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Ultimate Guide To Understanding Solar Cell Functionality
Ultimate Guide To Understanding Solar Cell Functionality

Ultimate Guide To Understanding Solar Cell Functionality

Published on:
November 2, 2023

Utilizing the sun’s power has been humanity’s dream for centuries. With the development of solar cells, this dream is now a reality. But how do these incredible devices work? This ultimate guide will delve into the fascinating world of solar cell functionality.  

And while the people of Australia are enjoying the utmost solar production, some are still curious about its functionality. Thus, this ultimate guide to understanding solar cell functionality will erase all the confusion. 

So What is A Solar Cell?

A solar cell is also known as a photovoltaic cell. This device directly transforms light energy into electrical energy via the photovoltaic effect. Most solar cells are made from silicon. These silicon-based solar cells increase efficiency and decrease cost.   

The materials vary from non-crystalline, polycrystalline, and crystalline (single crystal) silicon forms.  

Unlike batteries or fuel cells, solar cells do not rely on chemical reactions or fuel to generate electricity and do not have moving parts like electric generators. 

A solar cell is a crucial component that transforms light energy into electrical energy in photovoltaic energy conversion. Typically, semiconductors serve as the material for solar cells.  

The conversion process involves absorbing light (photon) energy, which generates electron-hole pairs in a semiconductor, followed by charge carrier separation. A p-n junction is commonly employed for this charge carrier separation.  

Understanding the fundamental properties of semiconductors and the principles of traditional p-n junction solar cells is essential for grasping the workings of conventional solar cells and newer types of solar cells.  

A thorough understanding of the p-n junction solar cell can provide insights into enhancing solar cells in terms of efficiency, production cost, energy consumption during fabrication, and more.

functions of solar cells

The fundamental physics of semiconductors is crucial for understanding the operation of p-n junction solar cells. It outlines the basic principles of p-n junction solar cells. It concludes with the concept of solar cells using nanocrystalline materials.  

The fundamental phenomena are revisited because solar cells based on nanocrystalline materials are more complex than conventional p-n junction solar cells. 

Understanding Solar Cells

Solar cells are the building blocks of solar panels. They convert sunlight directly into electricity. This process is based on the principles of the photovoltaic effect, discovered by French physicist Edmond Becquerel in 1839. 

Solar cells can be grouped into large assemblies known as arrays. These arrays of thousands of individual cells can serve as central electric power stations. These arrays can convert sunlight into electrical energy for distribution to industrial, commercial, and residential users. 

Smaller configurations of solar cells are often called solar cell panels or simply solar panels. And are installed by homeowners on their rooftops to replace their traditional electric supply.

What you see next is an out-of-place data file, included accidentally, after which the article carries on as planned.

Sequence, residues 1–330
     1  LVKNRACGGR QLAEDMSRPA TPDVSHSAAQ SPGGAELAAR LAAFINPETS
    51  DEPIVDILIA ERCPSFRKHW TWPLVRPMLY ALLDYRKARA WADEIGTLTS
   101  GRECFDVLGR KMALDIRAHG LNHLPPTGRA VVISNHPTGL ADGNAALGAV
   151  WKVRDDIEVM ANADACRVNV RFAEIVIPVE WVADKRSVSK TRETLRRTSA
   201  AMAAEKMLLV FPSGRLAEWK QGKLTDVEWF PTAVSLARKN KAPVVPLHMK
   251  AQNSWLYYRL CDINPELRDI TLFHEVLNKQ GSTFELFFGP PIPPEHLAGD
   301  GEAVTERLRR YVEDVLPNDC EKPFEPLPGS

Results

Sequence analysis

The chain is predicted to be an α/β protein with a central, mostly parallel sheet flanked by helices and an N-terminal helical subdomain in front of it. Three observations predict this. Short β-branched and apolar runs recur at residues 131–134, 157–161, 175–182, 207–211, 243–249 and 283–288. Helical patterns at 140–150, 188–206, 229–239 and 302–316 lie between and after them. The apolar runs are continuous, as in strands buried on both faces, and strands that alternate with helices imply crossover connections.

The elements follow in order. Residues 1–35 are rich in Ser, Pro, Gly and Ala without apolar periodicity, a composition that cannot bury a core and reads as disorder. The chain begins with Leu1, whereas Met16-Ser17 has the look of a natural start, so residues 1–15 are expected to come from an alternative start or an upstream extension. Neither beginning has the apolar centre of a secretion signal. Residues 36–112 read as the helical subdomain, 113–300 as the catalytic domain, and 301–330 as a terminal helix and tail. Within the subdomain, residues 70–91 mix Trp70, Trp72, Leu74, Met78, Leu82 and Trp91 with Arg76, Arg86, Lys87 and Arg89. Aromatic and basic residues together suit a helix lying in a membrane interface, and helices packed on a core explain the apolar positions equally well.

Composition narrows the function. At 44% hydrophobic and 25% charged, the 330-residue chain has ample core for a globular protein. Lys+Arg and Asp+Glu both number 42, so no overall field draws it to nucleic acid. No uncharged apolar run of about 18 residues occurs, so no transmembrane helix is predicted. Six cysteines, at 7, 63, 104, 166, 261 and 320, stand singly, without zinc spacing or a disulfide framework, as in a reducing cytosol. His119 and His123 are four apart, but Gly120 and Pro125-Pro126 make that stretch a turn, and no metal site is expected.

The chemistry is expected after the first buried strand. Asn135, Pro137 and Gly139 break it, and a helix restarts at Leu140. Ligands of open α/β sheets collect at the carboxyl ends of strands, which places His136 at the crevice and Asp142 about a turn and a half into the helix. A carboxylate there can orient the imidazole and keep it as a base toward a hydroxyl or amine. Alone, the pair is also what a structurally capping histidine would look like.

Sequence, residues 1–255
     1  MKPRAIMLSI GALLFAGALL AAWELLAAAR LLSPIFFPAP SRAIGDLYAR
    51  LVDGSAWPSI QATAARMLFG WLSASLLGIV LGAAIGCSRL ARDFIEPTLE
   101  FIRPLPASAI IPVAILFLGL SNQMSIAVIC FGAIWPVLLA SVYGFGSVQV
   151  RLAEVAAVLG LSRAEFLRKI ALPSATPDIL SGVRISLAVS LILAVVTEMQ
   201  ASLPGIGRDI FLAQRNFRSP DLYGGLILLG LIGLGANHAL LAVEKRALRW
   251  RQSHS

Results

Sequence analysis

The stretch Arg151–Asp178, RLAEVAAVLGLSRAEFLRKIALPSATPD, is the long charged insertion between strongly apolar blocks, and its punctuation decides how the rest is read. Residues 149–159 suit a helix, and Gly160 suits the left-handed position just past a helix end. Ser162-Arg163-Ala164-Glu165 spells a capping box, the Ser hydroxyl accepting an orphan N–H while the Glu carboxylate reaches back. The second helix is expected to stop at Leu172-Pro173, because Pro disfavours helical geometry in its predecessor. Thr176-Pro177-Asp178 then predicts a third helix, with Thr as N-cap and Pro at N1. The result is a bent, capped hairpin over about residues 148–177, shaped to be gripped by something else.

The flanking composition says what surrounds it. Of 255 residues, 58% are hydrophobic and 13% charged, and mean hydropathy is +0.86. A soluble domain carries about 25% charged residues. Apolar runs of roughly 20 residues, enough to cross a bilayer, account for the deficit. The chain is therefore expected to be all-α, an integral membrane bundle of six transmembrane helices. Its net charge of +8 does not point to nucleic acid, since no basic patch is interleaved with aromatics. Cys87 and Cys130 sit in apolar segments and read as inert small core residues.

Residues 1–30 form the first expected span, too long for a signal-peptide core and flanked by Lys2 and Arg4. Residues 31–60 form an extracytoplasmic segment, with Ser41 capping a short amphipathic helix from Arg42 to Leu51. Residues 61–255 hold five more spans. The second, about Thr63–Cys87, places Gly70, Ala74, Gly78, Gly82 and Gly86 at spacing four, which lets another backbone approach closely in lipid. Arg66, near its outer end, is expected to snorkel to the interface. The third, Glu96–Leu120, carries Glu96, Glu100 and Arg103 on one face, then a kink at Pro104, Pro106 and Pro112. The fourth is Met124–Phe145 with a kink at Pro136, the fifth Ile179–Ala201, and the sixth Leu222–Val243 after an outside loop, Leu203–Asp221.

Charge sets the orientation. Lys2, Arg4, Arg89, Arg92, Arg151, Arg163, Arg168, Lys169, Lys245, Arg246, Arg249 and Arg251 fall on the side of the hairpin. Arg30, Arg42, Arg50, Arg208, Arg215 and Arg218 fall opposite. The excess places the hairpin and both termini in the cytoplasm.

Solar cell panels also provide electricity in many remote locations where conventional electric power sources are unavailable or too expensive to install. Check out our off-grid technology for a better understanding.  

Solar cells are the power source for most space installations, from communication and weather satellites to space stations.  

However, solar power is insufficient for space probes sent to the solar system’s outer planets or into interstellar space due to the diffusion of radiant energy with distance from the Sun.  

Solar cells have also been incorporated into consumer products, such as electronic toys, handheld calculators, and portable radios. Solar cells in these devices can also utilize artificial light and sunlight. 

While the total production of photovoltaic energy is currently small, it is expected to increase as fossil fuel resource decreases.  

Projections based on the world’s anticipated energy consumption by 2030 suggest that solar panels operating at 20 percent efficiency could meet global energy demands and cover only about 496,805 square km of Earth’s surface.  

The material requirements would be significant but achievable, as silicon is the second most abundant element in Earth’s crust. These factors have led proponents of solar energy to envision a future “solar economy” where virtually all of humanity’s energy needs are met by inexpensive, clean, renewable sunlight.

Components of a Solar Cell

A solar cell is constructed from two semiconductors types: p-type and n-type silicon. P-type silicon is created by combining atoms with one fewer electron in their outer energy level than silicon, such as boron or gallium.   

An electron vacancy or “hole” is formed because boron has one fewer electron than is required to form bonds with the surrounding silicon atoms. 

N-type silicon is created by combining atoms with one more electron in their outer level than silicon, such as phosphorus. Phosphorus has five electrons rather than four in its outer energy level.  

It bonds with the silicon atoms next to it, but one electron is not involved in the bonding. It is instead free to move within the silicon structure. 

A typical solar comprises a semiconductor material, usually silicon, sandwiched between two metallic contacts. The silicon is mixed to create two layers: the n-type (negative) layer, which has extra electrons, and the p-type (positive) layer, which lacks electrons. 

The Structure and Functioning of Solar Cells

How Solar Cells Are Made

When sunlight hits the solar cell, the energy of the absorbed photons is transferred to the electrons in the silicon. This energy heats the electrons, enabling them to overcome the barrier between the n-type and p-type layers, creating an electric current.